Medical Marijuana and Gun Ownership: What Florida Residents Should Know
Written by Moses & Rooth Attorneys at Law on January 11, 2018
More and more medical marijuana dispensaries are opening up in Florida. While this is great news for those who benefit from the drug to help with medical conditions, gun owners may want to take note. In Florida, you can’t be both a medical marijuana user and a gun owner. If you are found to be in possession of both a medical marijuana card and a gun, you could face serious federal charges.
While Florida allows both medical marijuana and concealed carry, the law does not allow a resident to have both rights. When a person purchases a firearm, this restriction is listed on the forms. Under federal law, a user of marijuana—even medical marijuana—is not allowed to legally purchase a gun. That’s because the drug, which has been decriminalized in many states, is still considered a Schedule I drug under federal law.
This is a situation where state and federal laws contradict each other. While the law has been challenged in court, the federal court upheld it, so it remains for now. The fact remains, though, that Florida residents are caught in a tough situation and must decide what is more important to them: medicine or the right to bear arms.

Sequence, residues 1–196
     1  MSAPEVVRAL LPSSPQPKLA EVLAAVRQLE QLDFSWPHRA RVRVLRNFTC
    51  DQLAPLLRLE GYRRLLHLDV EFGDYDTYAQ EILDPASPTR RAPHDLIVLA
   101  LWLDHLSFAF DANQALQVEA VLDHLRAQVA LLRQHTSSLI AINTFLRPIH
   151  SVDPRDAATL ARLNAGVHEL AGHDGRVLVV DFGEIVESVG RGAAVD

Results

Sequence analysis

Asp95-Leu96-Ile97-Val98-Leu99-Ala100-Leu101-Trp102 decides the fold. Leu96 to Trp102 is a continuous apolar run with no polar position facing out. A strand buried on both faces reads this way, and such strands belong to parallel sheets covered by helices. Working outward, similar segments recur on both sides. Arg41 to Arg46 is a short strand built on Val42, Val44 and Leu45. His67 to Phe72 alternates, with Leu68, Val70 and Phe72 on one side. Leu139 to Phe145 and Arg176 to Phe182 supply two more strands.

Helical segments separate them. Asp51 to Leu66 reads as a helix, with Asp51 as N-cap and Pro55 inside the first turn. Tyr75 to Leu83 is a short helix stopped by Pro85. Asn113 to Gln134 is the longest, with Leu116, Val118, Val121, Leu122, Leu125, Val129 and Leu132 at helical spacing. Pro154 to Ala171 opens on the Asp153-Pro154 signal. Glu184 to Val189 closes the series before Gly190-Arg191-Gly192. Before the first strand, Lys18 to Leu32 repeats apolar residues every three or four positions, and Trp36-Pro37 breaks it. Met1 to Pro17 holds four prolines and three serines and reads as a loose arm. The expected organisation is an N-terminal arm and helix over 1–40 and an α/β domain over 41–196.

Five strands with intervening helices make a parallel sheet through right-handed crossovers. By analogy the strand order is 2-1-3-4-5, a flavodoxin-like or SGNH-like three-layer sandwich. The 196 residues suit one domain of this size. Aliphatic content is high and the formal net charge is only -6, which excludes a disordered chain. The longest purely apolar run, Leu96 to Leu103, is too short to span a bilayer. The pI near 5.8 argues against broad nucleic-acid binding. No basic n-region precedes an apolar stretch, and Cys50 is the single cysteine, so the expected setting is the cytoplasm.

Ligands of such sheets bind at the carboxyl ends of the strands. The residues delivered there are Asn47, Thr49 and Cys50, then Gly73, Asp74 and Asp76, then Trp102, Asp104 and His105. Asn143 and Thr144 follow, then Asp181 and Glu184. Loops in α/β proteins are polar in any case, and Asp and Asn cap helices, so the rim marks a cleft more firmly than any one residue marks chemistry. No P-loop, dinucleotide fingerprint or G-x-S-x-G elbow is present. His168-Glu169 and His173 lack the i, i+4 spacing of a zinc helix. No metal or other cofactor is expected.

Gun Ban for Medical Marijuana Users
If you’re a user of medical marijuana in Florida, you are prohibited from engaging in the following activities:
- Possessing a gun
- Buying a gun
- Using a gun
- Selling a gun
- Giving a gun as a gift
- Transferring possession of a gun in some other way
According to the U.S. Bureau of Alcohol, Tobacco, Firearms and Explosives, those who use marijuana in any form are prohibited from possessing firearms or ammunition under federal law. This is because marijuana is considered a dangerous and addictive drug that can cause erratic behavior. It is a Schedule I drug in the same category as LSD, mescaline, peyote and even heroin.
Even though the right to bear arms is a constitutional right, federal law trumps state law. Legal precedence has supported federal law. One woman even tried to challenge the law. She took her case to the 9th U.S. Circuit Court of Appeals, but unfortunately lost. This is unjust and causes a lack of freedom, but it is the law for now. Don’t try to use marijuana and own a gun unless you want to spend a decade in prison.
Contact an Orlando Criminal Defense Attorney
In Florida, guns and marijuana don’t mix. If you are a medical marijuana user in possession of a firearm, you could potentially face state and federal criminal charges.
Such a charge could change your life dramatically. You could spend time in prison and face difficulties securing employment. Your criminal record will be negatively affected for life. If you are in this situation, do not hesitate to contact an Orlando criminal defense lawyer. At Moses & Rooth Attorneys at Law, we will aggressively fight to protect your rights. Contact our offices today at (407) 377-0150 to discuss your situation with us and see how we can help.Floridagun lawsmedical marijuana